The attraction of Christ


Jesus was invited to the home of his soon-to-be-disciple Simon Peter: “Jesus left the synagogue and went to the home of Simon. Now Simon’s mother-in-law was suffering from a high fever, and they asked Jesus to help her” Luke 4:38).   Luke the physician literally tells us that the poor woman was  “seized by a great fever.”   She was not dying, but she probably felt like it.  When we are in the grip of a fever, the smallest task can seem as daunting as climbing Mount Everest.

Peter’s mother-in-law, unable to attend the synagogue with the others, was home languishing from her fever. Then Jesus was asked to “help her.”  “So he bent over her and rebuked the fever, and it left her. She got up at once and began to wait on them” Luke 4:39).  The word translated “rebuked” was the same one Jesus used when he sternly commanded the demon to come out of the man at the synagogue. One second the woman lay flattened out with fever, and the next she was cheerfully setting the meal on the table!

The healing had been instant and complete! And the woman’s healing enabled her to serve. As the subsequent church has reflected on this over the years, it has rightly seen a living example of what Christ wants to do in believers’ lives. The measure of a Christian is not how many servants he has, but how many he serves. The memorable meal would never be forgotten. As family and friends lingered around the table, And as all reflected on the authority and power of the Lord Jesus Christ.

It is a good thing to every once in a while ask ourselves how we are doing in serving Christ and in serving others.  Perhaps you are a mother with some small children.  No doubt you are doing wonderfully in serving others.  At other times in our lives we may get distracted from the priority of serving others and serving Christ.


Luke 4:40 says, “When the sun was setting, the people brought to Jesus all who had various kinds of sickness, and laying his hands on each one, he healed them”. Word of the synagogue miracle quickly went to every home in Capernaum, and the city’s ill were brought to Jesus in joyous anticipation. Suffering masses gathered at Peter’s door as the sun began to set. Every manner of disease was there—raging fevers, cancer, degenerative diseases the crippled, the palsied, the blind.  Some had to be carried. Many moaned in their distress. In the fading light Jesus healed “each one.”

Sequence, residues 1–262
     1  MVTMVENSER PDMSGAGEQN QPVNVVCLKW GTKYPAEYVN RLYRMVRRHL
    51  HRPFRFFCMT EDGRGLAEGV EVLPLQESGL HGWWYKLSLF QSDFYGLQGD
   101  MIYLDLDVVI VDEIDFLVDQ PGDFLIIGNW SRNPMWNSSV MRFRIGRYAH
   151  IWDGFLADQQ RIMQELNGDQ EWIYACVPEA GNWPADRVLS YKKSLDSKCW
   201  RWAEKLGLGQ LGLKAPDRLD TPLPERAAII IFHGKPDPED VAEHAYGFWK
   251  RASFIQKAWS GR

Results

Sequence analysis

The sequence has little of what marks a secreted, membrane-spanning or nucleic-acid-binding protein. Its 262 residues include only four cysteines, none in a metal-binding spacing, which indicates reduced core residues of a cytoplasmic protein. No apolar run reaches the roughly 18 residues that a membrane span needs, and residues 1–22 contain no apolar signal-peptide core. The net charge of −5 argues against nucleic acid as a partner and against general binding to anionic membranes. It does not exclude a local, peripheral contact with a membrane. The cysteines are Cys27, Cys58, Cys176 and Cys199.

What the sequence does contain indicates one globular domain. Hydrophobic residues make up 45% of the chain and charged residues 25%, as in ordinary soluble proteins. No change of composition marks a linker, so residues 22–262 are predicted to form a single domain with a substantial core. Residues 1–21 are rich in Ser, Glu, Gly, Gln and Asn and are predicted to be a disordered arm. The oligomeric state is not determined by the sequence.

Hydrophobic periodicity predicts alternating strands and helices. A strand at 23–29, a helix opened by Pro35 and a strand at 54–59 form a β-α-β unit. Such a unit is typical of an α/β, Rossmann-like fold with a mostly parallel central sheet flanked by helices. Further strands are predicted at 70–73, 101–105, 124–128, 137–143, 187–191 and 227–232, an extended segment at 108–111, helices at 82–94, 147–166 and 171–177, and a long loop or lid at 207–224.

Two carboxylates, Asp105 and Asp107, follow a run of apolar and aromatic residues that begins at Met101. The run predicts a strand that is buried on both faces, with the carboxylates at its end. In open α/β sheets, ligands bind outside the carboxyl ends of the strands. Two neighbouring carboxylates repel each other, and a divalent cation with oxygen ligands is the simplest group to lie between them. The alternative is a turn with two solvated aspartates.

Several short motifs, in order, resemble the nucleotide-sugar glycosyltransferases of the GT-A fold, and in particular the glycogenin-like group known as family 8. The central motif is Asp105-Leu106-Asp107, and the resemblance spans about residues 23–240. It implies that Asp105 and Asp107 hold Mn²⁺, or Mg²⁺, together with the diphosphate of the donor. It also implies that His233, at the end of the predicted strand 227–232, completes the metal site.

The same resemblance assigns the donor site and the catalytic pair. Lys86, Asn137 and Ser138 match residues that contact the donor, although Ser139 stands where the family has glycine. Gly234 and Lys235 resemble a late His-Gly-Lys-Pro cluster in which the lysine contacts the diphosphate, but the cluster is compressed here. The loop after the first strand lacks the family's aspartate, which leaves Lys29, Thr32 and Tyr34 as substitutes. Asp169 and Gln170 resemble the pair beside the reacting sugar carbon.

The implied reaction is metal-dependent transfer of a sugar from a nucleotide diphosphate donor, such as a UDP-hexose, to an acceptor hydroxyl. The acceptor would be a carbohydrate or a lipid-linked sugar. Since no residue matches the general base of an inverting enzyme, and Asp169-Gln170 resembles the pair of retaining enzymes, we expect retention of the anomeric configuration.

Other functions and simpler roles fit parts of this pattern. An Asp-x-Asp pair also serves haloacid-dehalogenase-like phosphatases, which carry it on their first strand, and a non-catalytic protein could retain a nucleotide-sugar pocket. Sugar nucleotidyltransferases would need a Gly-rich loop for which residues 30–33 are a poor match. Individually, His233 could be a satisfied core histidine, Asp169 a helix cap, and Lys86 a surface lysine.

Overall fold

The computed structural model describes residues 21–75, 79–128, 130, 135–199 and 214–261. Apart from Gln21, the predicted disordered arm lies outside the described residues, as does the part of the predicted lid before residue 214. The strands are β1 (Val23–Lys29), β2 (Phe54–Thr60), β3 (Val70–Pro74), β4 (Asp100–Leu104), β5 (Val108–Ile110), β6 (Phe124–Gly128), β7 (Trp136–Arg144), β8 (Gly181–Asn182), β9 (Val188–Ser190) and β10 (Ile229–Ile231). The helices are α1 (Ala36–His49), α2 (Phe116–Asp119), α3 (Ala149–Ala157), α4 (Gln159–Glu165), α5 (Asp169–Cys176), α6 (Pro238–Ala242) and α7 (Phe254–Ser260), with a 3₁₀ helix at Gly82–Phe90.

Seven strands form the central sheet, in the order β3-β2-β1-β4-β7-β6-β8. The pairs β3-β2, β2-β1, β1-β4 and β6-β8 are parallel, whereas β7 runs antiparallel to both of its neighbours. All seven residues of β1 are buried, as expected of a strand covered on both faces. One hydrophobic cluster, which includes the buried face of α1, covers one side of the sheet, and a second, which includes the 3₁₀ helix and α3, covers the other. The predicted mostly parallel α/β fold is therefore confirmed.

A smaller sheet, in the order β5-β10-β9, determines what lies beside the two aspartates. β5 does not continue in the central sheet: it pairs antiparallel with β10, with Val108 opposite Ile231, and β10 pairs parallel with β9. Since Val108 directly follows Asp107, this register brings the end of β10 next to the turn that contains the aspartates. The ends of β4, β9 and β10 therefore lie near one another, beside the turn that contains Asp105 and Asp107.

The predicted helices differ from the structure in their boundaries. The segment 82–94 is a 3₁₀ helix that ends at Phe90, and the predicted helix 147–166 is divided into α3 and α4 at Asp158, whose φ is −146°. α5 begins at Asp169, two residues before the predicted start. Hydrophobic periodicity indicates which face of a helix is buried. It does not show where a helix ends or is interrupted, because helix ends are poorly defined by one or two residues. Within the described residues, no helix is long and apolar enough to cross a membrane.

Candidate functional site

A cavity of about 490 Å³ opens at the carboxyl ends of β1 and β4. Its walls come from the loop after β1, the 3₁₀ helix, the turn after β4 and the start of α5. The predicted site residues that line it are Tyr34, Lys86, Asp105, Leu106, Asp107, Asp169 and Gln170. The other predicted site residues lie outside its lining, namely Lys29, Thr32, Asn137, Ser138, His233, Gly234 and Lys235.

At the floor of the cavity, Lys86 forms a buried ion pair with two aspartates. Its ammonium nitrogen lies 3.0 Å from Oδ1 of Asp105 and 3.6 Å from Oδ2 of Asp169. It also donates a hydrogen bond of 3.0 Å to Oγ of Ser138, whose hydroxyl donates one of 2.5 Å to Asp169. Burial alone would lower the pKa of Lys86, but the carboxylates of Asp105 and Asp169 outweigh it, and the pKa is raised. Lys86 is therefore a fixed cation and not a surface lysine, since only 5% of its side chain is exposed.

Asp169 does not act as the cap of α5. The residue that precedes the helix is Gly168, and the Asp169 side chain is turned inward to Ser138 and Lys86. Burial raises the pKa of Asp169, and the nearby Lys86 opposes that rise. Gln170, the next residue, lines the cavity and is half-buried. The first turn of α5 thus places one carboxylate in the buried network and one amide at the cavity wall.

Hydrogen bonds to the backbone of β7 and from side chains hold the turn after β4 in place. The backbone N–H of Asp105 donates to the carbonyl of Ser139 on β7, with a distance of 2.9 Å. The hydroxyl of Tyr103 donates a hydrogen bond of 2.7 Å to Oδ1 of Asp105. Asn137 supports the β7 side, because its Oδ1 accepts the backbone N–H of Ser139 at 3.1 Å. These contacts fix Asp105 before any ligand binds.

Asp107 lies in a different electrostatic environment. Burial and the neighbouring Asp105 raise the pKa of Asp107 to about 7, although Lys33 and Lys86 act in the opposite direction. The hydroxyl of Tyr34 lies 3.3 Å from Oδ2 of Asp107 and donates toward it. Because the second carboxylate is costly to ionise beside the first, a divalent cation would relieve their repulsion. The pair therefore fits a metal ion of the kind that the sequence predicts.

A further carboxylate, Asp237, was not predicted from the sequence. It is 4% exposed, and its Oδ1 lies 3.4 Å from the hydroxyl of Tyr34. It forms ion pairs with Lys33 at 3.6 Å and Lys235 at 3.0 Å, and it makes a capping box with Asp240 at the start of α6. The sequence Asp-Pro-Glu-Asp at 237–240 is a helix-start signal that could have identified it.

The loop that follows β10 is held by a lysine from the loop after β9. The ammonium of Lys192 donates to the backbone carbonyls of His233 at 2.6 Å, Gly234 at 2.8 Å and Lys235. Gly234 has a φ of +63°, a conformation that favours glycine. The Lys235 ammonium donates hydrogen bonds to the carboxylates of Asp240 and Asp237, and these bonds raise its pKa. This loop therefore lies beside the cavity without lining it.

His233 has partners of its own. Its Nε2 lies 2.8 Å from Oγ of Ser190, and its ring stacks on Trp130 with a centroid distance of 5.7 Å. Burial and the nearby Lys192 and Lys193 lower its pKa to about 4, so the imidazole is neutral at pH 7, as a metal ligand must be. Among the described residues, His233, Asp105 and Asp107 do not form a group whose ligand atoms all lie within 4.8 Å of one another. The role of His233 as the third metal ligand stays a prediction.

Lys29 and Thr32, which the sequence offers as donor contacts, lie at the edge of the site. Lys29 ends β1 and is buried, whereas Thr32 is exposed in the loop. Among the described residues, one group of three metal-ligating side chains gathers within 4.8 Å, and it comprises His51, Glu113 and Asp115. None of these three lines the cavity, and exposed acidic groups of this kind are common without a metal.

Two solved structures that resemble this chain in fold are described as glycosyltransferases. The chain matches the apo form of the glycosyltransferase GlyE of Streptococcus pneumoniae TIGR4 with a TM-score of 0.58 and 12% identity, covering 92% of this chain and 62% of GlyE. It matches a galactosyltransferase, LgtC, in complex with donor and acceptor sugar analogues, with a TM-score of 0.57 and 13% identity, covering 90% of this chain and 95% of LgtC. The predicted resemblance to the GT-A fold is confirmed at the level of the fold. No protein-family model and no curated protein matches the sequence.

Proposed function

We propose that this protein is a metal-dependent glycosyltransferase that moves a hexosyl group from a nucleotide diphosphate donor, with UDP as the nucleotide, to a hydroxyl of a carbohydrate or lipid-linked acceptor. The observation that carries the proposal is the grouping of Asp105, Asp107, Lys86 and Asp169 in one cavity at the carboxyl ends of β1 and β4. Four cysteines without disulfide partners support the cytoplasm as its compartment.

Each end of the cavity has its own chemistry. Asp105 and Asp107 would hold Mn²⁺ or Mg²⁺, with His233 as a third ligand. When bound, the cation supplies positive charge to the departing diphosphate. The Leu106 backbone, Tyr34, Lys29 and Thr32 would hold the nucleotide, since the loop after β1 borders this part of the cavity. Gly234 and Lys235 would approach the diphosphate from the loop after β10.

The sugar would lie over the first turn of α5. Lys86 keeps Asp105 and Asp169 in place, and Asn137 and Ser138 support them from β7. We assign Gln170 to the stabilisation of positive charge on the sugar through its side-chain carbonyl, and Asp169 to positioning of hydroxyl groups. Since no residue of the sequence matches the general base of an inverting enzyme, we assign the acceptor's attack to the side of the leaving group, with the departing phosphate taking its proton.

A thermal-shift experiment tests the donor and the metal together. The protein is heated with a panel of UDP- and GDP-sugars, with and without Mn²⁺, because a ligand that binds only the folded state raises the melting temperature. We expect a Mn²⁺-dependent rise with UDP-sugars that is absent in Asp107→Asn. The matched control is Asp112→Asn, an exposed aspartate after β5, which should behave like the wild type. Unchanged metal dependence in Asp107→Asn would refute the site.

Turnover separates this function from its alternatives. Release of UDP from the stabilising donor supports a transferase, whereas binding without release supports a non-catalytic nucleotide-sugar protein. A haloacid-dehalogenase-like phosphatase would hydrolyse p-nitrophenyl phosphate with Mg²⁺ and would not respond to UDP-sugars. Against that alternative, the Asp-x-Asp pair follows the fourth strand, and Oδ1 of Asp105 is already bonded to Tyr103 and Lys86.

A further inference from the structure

This was a wholesale healing, purposely indiscriminate. At other times, Jesus would heal some but not others, but on this unique occasion all who came were made whole. This was an unrestrained display of power.  Luke is most careful to tell us that “laying his hands on each one, he healed them” Luke 4:40).  Hands-on healing was most unusual, for such a practice was unknown in the Old Testament and rabbinical literature.

Jesus’ method, radically new, was symbolic of the outflow of divine power.  Moreover, here it conveyed divine tenderness to the needy.  Every single person that evening felt the touch of Jesus’ hand.  Since some of the illnesses Jesus encountered were caused by evil spirits,  Luke adds, in Luke 4:41, “Moreover, demons came out of many people, shouting, ‘You are the Son of God!’ But he rebuked them and would not allow them to speak, because they knew he was the Christ”.

The demons’ repeated shouts,  “You are the Son of God!”  were not confessions,  This knowledge was a knowledge unaccompanied by faith. Those who possessed it were miserable fallen beings, full of bitter hatred both against God and man. What pleases God is not mere knowledge but a humble faith and trust in the gospel.

Jesus silenced them with a simple rebuke, just as he had done with the unclean spirit in the synagogue (v. 35) and in Peter’s home when he rebuked the fever (v. 39).  Jesus is showing his omnipotence here.  This is important because Scripture teaches that we are at war with a mighty enemy: Ephesians 6:12 “For our struggle is not against flesh and blood, but against the rulers, against the authorities, against the powers of this dark world and against the spiritual forces of evil in the heavenly realms” .

Our spiritual enemies are not petty officials.  We face a great demonic enemy with a defined and disciplined chain of command. The evil we wrestle against is not a feeble Satan. It is a great organized army of personal evil beings. But we need not fear— Jesus confronts the enemy in cosmic combat, and his powerful word is all that is needed for victory.

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